The difficulties encountered by individuals with autism spectrum disorder (ASD) when interacting with neurotypical (NT, i.e. nonautistic) individuals are usually attributed to failure to recognize the emotions and mental states of their NT interaction partner. It is also possible, however, that at least some of the difficulty is due to a failure of NT individuals to read the mental and emotional states of ASD interaction partners. Previous research has frequently observed deficits of typical facial emotion recognition in individuals with ASD, suggesting atypical representations of emotional expressions. Relatively little research, however, has investigated the ability of individuals with ASD to produce recognizable emotional expressions, and thus, whether NT individuals can recognize autistic emotional expressions. The few studies which have investigated this have used only NT observers, making it impossible to determine whether atypical representations are shared among individuals with ASD, or idiosyncratic. This study investigated NT and ASD participants' ability to recognize emotional expressions produced by NT and ASD posers. Three posing conditions were included, to determine whether potential group differences are due to atypical cognitive representations of emotion, impaired understanding of the communicative value of expressions, or poor proprioceptive feedback. Results indicated that ASD expressions were recognized less well than NT expressions, and that this is likely due to a genuine deficit in the representation of typical emotional expressions in this population. Further, ASD expressions were equally poorly recognized by NT individuals and those with ASD, implicating idiosyncratic, rather than common, atypical representations of emotional expressions in ASD.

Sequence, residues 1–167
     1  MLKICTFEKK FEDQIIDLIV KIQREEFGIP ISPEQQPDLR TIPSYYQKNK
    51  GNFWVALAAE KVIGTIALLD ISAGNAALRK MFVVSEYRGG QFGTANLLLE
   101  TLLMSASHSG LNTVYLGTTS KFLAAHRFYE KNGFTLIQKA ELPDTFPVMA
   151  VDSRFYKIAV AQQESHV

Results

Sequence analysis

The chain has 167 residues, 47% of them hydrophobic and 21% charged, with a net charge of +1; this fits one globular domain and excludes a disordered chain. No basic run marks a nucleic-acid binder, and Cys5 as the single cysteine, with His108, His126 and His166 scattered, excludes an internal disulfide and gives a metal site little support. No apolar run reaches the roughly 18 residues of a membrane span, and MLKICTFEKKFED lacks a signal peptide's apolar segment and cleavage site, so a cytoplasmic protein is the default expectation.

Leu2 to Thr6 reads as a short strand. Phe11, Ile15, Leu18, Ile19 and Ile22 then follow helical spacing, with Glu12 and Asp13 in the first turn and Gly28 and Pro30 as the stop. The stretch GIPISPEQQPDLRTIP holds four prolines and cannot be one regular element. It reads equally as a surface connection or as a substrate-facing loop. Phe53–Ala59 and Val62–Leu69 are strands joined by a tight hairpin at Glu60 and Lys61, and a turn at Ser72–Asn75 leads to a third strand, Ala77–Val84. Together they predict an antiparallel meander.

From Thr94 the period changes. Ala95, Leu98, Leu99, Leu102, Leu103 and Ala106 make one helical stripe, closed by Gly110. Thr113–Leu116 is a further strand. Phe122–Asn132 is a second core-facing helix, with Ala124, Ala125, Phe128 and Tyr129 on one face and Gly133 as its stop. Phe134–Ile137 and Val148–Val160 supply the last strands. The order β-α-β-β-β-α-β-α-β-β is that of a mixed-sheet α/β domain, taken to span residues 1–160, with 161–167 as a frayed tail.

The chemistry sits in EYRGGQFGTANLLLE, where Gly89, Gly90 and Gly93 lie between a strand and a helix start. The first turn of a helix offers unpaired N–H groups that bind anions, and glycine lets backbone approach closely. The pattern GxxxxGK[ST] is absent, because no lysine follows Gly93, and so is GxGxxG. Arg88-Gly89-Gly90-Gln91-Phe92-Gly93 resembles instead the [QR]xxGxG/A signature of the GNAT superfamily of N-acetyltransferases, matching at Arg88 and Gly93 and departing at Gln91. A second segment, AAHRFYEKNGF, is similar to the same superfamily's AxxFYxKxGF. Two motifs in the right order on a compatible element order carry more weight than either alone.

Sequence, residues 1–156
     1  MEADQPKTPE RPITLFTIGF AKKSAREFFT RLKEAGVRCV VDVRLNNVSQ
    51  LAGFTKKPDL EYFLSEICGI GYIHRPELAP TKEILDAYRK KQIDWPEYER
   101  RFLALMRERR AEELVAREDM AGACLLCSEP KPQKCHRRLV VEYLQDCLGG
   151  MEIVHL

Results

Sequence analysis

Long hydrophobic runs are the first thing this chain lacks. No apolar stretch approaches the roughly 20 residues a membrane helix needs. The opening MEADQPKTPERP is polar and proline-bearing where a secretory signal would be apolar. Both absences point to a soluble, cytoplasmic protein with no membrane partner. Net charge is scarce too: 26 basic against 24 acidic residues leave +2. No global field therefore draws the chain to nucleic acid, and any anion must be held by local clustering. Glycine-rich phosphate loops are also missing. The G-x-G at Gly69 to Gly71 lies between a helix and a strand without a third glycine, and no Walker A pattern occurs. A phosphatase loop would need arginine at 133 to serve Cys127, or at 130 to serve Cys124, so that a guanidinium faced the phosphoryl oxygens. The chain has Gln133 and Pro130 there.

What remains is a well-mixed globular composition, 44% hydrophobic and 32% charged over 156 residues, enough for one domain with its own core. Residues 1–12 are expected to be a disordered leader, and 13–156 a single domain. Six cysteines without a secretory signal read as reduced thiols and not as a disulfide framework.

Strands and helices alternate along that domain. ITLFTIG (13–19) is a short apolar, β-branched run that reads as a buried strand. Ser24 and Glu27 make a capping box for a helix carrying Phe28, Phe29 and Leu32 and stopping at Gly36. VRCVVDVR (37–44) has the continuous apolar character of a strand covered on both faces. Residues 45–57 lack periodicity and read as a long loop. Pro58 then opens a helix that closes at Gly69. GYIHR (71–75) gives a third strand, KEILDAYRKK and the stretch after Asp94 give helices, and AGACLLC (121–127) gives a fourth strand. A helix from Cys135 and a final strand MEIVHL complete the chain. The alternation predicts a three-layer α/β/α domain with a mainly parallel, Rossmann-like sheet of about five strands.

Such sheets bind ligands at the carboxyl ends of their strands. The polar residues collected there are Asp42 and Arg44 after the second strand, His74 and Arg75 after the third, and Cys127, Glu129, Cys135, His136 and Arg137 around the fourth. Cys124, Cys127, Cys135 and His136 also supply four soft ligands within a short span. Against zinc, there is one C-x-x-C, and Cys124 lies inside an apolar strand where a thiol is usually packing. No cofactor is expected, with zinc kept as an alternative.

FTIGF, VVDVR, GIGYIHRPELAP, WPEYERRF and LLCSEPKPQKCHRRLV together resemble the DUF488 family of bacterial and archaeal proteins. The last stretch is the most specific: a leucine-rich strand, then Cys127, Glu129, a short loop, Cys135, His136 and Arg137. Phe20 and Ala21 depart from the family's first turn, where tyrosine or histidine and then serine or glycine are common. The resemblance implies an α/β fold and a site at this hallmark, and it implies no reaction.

2. Brewer R, Marsh AA, Catmur C, Cardinale EM, Stoycos S, Cook R, Bird G. The impact of autism spectrum disorder and alexithymia on judgments of moral acceptability. J Abnorm Psychol. 2015 Aug;124(3):589-95.

    One's own emotional response toward a hypothetical action can influence judgments of its moral acceptability. Some individuals with autism spectrum disorder (ASD) exhibit atypical emotional processing, and moral judgments. Research suggests, however, that emotional deficits in ASD are due to co-occurring alexithymia, meaning atypical moral judgments in ASD may be due to alexithymia also. Individuals with and without ASD (matched for alexithymia) judged the moral acceptability of emotion-evoking statements and identified the emotion evoked. Moral acceptability judgments were predicted by alexithymia. Crucially, however, this relationship held only for individuals without ASD. While ASD diagnostic status did not directly predict either judgment, those with ASD did not base their moral acceptability judgments on emotional information. Findings are consistent with evidence demonstrating that decision-making is less subject to emotional biases in those with ASD.